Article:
Thomas Barron

The Rev. Thomas Barron typically gives a short homily or leads a discussion of the Scripture readings after the meal at Grovetown Episcopal Lutheran Mission. Photo: Grovetown Mission, via Facebook

Barron researched similar worshiping communities around The Episcopal Church to help shape his evolving ministry in Grovetown. “I’ve always wanted to do something with food, gathering around the table,” Barron said. “I’ve always been fascinated with the concept of food and theology.”

The meals started with simple fare, such as takeout pizza and fried chicken. Soon, the congregation’s growing membership suggested bringing their own dishes to share. Members who didn’t have much money to contribute to the congregation could still bring some food each Wednesday evening, Barron said. Now the congregation has a rotation of themed meals, such as crock pot dishes, taco night and the ever-popular breakfast for dinner.

The family-friendly atmosphere is a large part of the appeal for Tierney Hall. She began attending Grovetown Mission about three years ago with her husband, Perry Hall, and their two sons, who are now 7 and 5.

“It’s such a nice, motley crew of people from all different backgrounds,” she said. “We rarely miss, and it’s just become part of our routine. We love the fellowship and the little community.”

The liturgy also is familiar to Hall, who grew up attending Good Shepherd Episcopal Church in Augusta. At Grovetown Mission, the service is rooted in the Holy Eucharist that Episcopalians know from Sunday morning services, as Barron was able to adapt components of that liturgy to a dinner setting.

“It really is dinner and church. Everything is together,” Barron said. “And it has a certain flow to it. Dinner is very much part of the theology in the service.”

The congregation starts by praying a collect. Members then begin their meal, spending about a half hour to relax and enjoy the food. Scripture readings typically are scheduled around dessert time, followed by a homily or discussion. After the prayers of the people and the peace, the service turns to the Eucharist, which is distributed at the tables.

Many of the worshipers have very little experience with organized religion and are attending a church for the first time, Barron said. Others already have a background in the Episcopal or Lutheran faith. Some have turned away from Roman Catholic or evangelical traditions. “A lot of times, we’re a great fit for those people that are on the very edge” of religious belief, Barron said, noting that the services even have drawn some who identify as agnostic.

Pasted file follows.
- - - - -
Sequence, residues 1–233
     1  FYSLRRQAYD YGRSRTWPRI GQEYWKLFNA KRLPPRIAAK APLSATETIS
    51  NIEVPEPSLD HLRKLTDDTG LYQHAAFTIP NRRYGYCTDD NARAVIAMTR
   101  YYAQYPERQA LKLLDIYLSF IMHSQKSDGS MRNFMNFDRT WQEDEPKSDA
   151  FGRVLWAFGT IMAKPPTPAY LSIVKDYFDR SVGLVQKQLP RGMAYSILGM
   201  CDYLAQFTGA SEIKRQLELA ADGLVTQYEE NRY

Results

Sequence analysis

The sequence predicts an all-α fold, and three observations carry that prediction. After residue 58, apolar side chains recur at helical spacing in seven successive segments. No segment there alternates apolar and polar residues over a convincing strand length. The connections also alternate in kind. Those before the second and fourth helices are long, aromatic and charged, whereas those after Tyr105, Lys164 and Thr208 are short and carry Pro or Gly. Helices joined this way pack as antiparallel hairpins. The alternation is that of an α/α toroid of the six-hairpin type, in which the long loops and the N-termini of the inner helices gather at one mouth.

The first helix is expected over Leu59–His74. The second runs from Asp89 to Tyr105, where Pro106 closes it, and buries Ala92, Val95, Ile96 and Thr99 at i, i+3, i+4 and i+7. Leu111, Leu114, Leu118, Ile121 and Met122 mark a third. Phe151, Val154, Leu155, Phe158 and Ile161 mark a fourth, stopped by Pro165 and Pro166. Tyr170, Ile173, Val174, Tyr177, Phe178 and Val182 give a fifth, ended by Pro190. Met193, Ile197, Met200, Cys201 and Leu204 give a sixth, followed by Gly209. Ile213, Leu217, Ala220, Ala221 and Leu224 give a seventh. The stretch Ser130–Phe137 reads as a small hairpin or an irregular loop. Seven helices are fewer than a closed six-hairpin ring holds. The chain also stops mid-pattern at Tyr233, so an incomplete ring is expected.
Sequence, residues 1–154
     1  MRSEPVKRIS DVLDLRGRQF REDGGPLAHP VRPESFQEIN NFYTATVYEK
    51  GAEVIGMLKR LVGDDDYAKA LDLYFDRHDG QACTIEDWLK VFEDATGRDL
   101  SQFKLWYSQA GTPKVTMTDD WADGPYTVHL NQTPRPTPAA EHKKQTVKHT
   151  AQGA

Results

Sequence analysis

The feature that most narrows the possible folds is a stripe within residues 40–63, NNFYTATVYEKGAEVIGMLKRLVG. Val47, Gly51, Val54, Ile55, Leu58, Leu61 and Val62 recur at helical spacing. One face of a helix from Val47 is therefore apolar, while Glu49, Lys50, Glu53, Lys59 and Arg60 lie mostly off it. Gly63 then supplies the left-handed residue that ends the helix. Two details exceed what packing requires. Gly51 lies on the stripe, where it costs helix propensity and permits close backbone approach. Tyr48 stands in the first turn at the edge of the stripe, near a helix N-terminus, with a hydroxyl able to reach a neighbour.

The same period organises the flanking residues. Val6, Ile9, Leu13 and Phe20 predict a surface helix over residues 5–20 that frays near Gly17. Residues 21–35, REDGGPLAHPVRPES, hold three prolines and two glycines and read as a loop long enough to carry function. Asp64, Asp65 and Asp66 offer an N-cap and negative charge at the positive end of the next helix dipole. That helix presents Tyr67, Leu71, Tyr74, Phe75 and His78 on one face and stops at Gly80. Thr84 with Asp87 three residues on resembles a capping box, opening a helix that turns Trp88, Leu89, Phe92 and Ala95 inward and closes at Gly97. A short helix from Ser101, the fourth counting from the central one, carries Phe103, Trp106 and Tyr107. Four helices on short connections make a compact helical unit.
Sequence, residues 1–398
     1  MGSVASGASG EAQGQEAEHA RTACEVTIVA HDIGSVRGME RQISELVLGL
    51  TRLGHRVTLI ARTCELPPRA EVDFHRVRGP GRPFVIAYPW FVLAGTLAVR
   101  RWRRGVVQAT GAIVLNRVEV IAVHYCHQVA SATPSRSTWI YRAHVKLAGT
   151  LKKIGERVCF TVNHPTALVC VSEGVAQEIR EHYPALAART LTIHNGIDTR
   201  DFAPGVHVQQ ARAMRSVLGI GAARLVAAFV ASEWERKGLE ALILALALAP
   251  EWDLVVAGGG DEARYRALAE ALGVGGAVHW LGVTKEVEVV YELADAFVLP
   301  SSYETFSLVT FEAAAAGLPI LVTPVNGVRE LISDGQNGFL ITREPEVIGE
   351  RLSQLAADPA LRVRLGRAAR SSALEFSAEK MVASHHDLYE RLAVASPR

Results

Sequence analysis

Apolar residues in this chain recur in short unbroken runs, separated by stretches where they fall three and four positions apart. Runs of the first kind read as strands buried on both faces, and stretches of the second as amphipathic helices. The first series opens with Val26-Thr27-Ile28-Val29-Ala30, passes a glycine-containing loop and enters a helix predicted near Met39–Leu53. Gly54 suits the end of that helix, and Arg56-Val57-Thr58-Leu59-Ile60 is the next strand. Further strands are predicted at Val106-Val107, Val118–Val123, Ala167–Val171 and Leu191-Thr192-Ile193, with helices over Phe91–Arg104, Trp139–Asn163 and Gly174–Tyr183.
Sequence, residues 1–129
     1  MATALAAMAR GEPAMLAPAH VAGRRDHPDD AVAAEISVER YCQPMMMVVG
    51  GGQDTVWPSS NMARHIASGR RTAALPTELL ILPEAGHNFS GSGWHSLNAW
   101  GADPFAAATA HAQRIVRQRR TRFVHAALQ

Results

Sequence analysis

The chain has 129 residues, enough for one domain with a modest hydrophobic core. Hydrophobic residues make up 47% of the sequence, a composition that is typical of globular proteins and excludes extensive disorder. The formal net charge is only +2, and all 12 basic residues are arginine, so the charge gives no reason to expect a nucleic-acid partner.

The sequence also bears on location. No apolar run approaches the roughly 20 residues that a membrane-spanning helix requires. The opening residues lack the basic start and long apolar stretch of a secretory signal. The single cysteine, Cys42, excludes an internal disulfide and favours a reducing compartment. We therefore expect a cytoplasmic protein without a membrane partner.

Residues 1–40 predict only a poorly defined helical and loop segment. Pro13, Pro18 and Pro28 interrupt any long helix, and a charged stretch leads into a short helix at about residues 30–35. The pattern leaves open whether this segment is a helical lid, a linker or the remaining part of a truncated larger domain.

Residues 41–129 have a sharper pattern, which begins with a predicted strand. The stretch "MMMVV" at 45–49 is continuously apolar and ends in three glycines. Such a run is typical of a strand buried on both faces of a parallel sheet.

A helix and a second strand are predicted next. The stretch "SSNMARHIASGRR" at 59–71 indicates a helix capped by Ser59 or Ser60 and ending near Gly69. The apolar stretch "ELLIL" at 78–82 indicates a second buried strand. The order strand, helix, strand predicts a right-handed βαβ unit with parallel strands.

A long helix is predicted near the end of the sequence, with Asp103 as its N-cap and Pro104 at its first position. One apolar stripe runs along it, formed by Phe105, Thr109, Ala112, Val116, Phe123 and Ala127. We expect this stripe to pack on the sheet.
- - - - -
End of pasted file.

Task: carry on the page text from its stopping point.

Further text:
As the congregation grew and needed more space, it moved into a gym at the park’s community center. A separate area there is set up for a nursery, so parents of small children can focus on the worship service.

Stewart’s 16-year-old daughter, Amira, now volunteers to help monitor the nursery on Wednesday nights. Stewart also has a 12-year-old daughter and 7-year-old son. The dinner services have been a blessing for her, as a single parent.

“I get a break and I don’t have to cook one night a week. We can sit down and have fellowship.” she said. “It’s like family, like home. The environment is loving. It’s like a breath of fresh air.”

Perry Hall appreciates the family atmosphere as well. “I think we’ve got something that nobody else in the area offers,” he told ENS. “We’re a pretty close-knit group of people, and we pray for each other every night.”

A while ago, Barron conducted a survey of the congregation to see if it was interested in pursuing a Sunday morning service. The overwhelming recommendation was to keep the Wednesday night dinner services. Barron still thinks there eventually might be an opportunity to add a second, more traditional service Sunday mornings, but Wednesday nights will remain the central service of Grovetown Episcopal Lutheran Mission.

“The dinner became such a huge part of what everybody loved,” he said. “That’s become our unique identity.”

– David Paulsen is a senior reporter and editor for Episcopal News Service. He can be reached at